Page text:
The second is using LEO as the stage for international collaboration on world challenges, such as agriculture and national security – likely with existing U.S. allies and signatories of the Artemis Accords. A potential LEO National Laboratory would foster collaboration between other nations and with U.S. government, academic, and industry entities, to establish standards in data-sharing and (where possible) open-access information.

The third pillar concerns market opportunities, innovation, and stability during the transition from the ISS. Factors considered under this pillar include using space for “solving real-world challenges such as seeking more effective treatments for cancer.” The strategy also pledges access in some yet-undetermined way for smaller companies while lowering research and development barriers such as funding and regulations. However, the strategy, which is a high-level document of about a dozen pages, lacks specific details on these points.

The fourth pillar concerns international collaboration with “allies and partners,” especially under the United Nations Committee on the Peaceful Uses of Outer Space, including with what the U.S. terms “developing countries.” Included in this is a set of proposed standards for “policies and practices for human spaceflight safety.”

The last pillar concerns education and science, technology, engineering, and math (STEM). Proposed initiatives include “professional support” for educators to provide “up-to-date content knowledge” to students, along with the opportunity to livestream experiments from orbit. The strategy also aims to increase diversity within STEM fields. Just last month, the NASA Office of the Inspector General found little change in diversity at NASA despite more than a decade of efforts, making this a particularly relevant goal

The STEM pillar includes a nod to a September 2022 effort championed by U.S. Vice President Kamala Harris to increase diversity of folks in STEM fields. Harris publicized this notion via partnerships with companies including SpaceX or Blue Origin, which are working with post-secondary college students from underrepresented areas. Similarly, the new space strategy aims to open up more opportunities to graduates of “two-year learning institutions and trade schools for these often-underserved learning communities.”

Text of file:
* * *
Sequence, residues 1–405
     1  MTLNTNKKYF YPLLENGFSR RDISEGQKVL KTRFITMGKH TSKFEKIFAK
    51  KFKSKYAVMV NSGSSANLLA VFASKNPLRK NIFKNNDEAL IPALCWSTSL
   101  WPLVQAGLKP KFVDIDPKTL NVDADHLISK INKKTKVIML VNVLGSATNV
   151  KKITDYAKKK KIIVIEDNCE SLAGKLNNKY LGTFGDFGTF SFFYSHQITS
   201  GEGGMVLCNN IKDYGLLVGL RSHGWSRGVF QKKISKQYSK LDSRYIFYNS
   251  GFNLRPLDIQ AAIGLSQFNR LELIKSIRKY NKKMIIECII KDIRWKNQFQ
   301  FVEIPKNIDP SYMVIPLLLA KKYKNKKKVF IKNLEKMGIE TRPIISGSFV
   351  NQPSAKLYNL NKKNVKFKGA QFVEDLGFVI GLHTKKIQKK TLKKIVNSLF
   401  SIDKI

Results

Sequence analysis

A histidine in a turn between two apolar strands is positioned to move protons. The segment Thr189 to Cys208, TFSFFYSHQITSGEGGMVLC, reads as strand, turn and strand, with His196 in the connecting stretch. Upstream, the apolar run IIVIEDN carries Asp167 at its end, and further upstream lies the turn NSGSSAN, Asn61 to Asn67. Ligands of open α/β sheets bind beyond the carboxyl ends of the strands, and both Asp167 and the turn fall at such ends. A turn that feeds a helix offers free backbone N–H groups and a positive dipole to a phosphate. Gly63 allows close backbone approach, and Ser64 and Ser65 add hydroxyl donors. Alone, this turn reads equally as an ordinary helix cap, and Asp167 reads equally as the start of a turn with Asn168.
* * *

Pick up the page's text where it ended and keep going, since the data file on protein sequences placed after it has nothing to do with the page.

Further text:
In her remarks concerning the strategy, Uzo-Okoro pointed to the years of public-private partnerships the United States has undertaken that created “investments in space research and technology development, and strategic partnerships and collaborations.” But how these principles will be executed in the post-ISS era remains to be seen.

That is in part due to the 2024 federal election, which will bring a fresh set of people to Congress. While the space strategy brings more direction to NASA initiatives to create commercial space stations, and U.S. President Joe Biden’s pledge to run again implies stability for the space agency over the next few years, a potential changing of the guard could result in changes to NASA’s priorities, goals, and funding.

Business and science reporter, researcher and consultant.